A memorial chiseled into a hard to find boulder is a vigilant reminder of the hazards of hiking in Hawaiʻi’s wilderness – and it continues the memory of its focus.
We often read about rockfalls on houses, cars and other property; in this case a 7½-pound rock killed a boy on a hike in Mānoa Valley.
The sentinel, with a cross carved into a neighboring boulder, commemorates the tragic death of a young boy on a Sunday school outing.
The Sunday school teacher carried him unconscious down the trail to his carriage and drove to Queen’s Hospital; there, treated by Dr. Hildebrand, unfortunately, he died. (Krauss)
He was 11-years old, the son of Thomas and Elizabeth Wright. They came to Hawaiʻi in the early-1880s. Apparently, Thomas was a carriage maker who came to Hawaiʻi with two brothers who apparently operated a carriage business. (Krauss)
The memorial simply states: Gladstone Wright Killed May 14 1891
Apparently, Gladstone’s cousin was George Fred Wright (April 23, 1881 – July 2, 1938,) later Mayor of Honolulu from 1931 to 1938. Wright, a native of Honolulu, died in office in 1938 while traveling aboard the SS Mariposa. (Krauss) (Mayor Wright Housing in Kalihi was named after him.)
The memorial is located on Waiakeakua Stream in Mānoa Valley. It’s between its upper and lower falls on the east side of Mānoa Valley.
Waiakeakua (“Water of the Gods”) is the easternmost spring and stream at the back of Mānoa Valley. Only the high chiefs were allowed to use this spring; it was kapu to others. A chief would often test the courage and fidelity of a retainer by dispatching him at night to fill a gourd at this spring. (Beckwith)
Legends tell of Kāne and Kanaloa in Mānoa Valley.
“As they stood there facing the cliff, Kanaloa asked his older brother if there were kupua (descendants of a family of gods and has the power of transformation into certain inherited forms) in that place. The two climbed a perpendicular cliff and found a pretty woman living there with her woman attendant.”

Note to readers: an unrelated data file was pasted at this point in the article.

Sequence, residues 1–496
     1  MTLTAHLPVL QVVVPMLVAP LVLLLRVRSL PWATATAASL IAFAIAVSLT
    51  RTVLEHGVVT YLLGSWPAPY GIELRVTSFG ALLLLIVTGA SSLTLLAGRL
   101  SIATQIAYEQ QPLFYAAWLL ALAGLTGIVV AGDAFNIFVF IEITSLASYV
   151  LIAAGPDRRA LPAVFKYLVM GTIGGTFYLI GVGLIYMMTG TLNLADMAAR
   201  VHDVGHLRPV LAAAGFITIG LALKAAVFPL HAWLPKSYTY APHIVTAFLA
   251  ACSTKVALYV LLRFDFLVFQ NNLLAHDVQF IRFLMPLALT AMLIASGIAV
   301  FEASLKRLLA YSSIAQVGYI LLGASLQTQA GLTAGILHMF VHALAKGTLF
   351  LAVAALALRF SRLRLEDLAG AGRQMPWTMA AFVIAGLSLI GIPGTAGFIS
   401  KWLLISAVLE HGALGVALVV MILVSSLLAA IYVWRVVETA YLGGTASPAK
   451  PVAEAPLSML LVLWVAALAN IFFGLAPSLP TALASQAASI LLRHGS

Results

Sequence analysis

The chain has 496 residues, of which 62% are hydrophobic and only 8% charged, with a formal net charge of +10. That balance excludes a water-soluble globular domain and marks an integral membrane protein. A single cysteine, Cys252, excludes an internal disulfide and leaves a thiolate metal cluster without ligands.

“Kamehaʻikana (‘a multitude of descendants’) was the name of this kupua. Such was the nature of the two women that they could appear in the form of human beings or of stones. Both Kane and Kanaloa longed to possess this beauty of upper Manoa. The girl herself, after staring at them, was smitten with love for the two gods.”
“Kamehaʻikana began to smile invitingly. The attendant saw that her charge did not know which one of the two gods she wanted and knew that if they both got hold of her, she would be destroyed, and she was furious. Fearing death for her beloved one, she threw herself headlong between the strangers and her charge and blocked the way. Kane leaped to catch the girl, but could not reach her. … The original trees are dead but their seedlings are grown and guard Waiakeakua, Water of the Gods.” (hawaii-edu)
Regarding the trickling stream, Pukuʻi’s ʻŌlelo Noʻeau, No. 2917 notes, Wai peʻepeʻe palai o Waiakekua. The water that plays hide-and-seek among the ferns.
Waihi is a tributary that feeds into Waiakeakua. Just east of the popular Mānoa Falls are three other waterfalls: Luaʻalaea (pit of red earth), just off of the Luaʻalaea trail; the tall Nāniuʻapo (the grasped coconuts), which also has a fresh spring; and Waiakeakua Falls, which features bathing pools. (MalamaOManoa)
The spring, Pūʻahuʻula, just west of Waiakeakua Stream is where Queen Kaʻahumanu, the favorite wife of Kamehameha I, had a green-shuttered home near Pūʻahuʻula, where she died in 1832. (MalamaOManoa)